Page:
Blood Tests

Blood tests, including calculation of GFR (by various formulas, such as the MDRD formula), are helpful in monitoring for the progression of kidney disease and in assessing its stage.


Serum and Urinary Electrophoresis

Serum and urinary electrophoresis is performed mainly to help exclude multiple myeloma (in the appropriate setting) and to classify the proteinuria (which is predominantly glomerular in diabetic nephropathy).


Renal Ultrasonography

Observe for kidney size, which is usually normal to increased in the initial stages and, later, decreased or shrunken with chronic renal disease. Rule out obstruction. Perform echogenicity studies for chronic renal disease.


Renal Biopsy

Renal biopsy is not routinely indicated in all cases of diabetic nephropathy, especially in persons with a typical history and a progression typical of the disease. It is indicated if the diagnosis is in doubt, if other kidney disease is suggested, or if atypical features are present.


Histologic Findings

The following three major histologic changes occur in the glomeruli of persons with diabetic nephropathy:

  • First, mesangial expansion is directly induced by hyperglycemia, perhaps via increased matrix production or glycosylation of matrix proteins.

  • Second, thickening of the glomerular basement membrane (GBM) occurs.

  • Third, glomerular sclerosis is caused by intraglomerular hypertension (induced by renal vasodilatation or from ischemic injury induced by hyaline narrowing of the vessels supplying the glomeruli).

These different histologic patterns appear to have similar prognostic significance.

The Renal Pathology Society proposed a histologic classification system for diabetic nephropathy in 2010, which can be used for both type 1 and type 2 DM. Based on the presence and severity of glomerular lesions, four classes are proposed [25] :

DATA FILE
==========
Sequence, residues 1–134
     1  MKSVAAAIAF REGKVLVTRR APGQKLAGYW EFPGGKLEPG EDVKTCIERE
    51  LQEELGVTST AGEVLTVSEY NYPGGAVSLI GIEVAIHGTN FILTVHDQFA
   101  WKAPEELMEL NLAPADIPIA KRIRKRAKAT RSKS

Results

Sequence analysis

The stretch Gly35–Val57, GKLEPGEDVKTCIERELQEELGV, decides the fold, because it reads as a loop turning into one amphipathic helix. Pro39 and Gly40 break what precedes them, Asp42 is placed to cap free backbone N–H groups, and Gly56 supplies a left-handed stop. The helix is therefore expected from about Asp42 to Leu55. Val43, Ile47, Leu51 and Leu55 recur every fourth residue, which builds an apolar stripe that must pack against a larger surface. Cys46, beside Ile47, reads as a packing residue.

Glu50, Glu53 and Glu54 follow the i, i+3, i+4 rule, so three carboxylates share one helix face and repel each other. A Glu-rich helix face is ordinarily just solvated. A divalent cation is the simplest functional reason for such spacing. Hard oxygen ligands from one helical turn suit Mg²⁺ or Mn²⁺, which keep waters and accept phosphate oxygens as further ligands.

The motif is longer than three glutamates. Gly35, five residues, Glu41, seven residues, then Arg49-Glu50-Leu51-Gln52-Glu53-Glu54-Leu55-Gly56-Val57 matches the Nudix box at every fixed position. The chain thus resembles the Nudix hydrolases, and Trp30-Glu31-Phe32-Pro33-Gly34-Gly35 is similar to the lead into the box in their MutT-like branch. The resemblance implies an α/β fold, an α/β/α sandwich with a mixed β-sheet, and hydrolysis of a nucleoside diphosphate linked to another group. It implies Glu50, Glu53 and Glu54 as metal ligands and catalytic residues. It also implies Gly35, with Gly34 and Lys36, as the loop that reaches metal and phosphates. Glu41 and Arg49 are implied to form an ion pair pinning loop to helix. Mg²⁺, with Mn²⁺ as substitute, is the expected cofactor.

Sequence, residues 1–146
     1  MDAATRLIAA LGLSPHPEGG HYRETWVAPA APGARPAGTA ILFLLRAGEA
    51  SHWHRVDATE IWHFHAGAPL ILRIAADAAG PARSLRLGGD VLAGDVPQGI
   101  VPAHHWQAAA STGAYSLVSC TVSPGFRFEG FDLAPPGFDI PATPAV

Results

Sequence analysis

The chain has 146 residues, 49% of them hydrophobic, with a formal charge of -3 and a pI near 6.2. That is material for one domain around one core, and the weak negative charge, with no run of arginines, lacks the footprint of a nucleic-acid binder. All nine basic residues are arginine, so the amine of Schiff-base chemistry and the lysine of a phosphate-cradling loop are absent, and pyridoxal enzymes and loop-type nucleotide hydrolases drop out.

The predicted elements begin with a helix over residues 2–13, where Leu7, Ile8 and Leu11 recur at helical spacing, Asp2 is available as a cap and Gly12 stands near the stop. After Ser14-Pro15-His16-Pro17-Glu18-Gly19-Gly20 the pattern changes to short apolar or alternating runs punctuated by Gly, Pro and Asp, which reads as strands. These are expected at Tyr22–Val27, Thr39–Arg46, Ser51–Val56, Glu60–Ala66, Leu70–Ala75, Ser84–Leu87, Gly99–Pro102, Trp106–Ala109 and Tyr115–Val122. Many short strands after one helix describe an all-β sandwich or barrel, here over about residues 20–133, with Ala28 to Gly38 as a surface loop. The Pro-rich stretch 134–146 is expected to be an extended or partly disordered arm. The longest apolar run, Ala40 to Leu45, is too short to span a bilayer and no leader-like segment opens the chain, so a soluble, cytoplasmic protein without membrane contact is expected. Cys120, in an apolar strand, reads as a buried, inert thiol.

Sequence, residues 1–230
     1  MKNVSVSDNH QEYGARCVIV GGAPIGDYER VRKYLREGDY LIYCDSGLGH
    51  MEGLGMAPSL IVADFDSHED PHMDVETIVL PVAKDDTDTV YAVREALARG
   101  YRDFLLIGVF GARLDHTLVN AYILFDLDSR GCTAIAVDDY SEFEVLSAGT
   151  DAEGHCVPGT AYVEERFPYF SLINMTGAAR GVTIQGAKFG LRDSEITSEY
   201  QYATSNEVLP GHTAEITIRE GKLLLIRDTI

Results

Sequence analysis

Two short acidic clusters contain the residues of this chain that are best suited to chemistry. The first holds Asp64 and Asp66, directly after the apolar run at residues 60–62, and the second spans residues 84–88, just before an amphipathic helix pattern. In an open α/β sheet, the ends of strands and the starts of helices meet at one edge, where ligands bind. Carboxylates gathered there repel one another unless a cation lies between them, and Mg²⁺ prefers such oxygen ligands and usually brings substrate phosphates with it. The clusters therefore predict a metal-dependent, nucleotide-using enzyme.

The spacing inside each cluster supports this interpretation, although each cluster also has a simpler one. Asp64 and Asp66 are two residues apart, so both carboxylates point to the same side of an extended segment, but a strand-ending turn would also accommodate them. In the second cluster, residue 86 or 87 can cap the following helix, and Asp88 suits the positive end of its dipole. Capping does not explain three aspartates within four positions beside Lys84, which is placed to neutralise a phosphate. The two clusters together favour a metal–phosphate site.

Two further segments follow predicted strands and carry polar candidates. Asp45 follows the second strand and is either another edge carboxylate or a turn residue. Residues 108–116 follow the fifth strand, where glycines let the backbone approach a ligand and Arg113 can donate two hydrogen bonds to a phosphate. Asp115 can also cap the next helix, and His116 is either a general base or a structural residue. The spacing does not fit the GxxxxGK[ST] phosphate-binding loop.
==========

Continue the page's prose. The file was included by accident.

• Class I, glomerular basement membrane thickening - Isolated glomerular basement membrane thickening exists, with light microscopy revealing only mild, nonspecific changes
  • Class II, mesangial expansion, mild (IIa) or severe (IIb) - Mild or severe mesangial expansion in the glomeruli but without Kimmelstiel-Wilson lesions (nodular sclerosis) and with no more than 50% of glomeruli demonstrating global glomerulosclerosis
  • Class III, nodular sclerosis (Kimmelstiel–Wilson lesions) - At least one Kimmelstiel-Wilson lesion and none of the changes described in class IV, with no more than 50% global glomerulosclerosis present on biopsy
  • Class IV, advanced diabetic glomerulosclerosis - More than 50% global glomerulosclerosis on biopsy, with clinical or pathologic evidence indicating that the sclerosis stems from diabetic nephropathy.

In this report, a separate classification was proposed based on the presence and severity of interstitial fibrosis and tubular atrophy (IFTA) and vascular lesions. Generally, the classification is believed to correspond to the clinical stages of diabetic nephropathy, although there are no definitive data validating this correspondence.



See the image below regarding the developmental stages in the natural history of diabetic nephropathy.

Stages in the development of diabetic nephropathy. Stages in the development of diabetic nephropathy.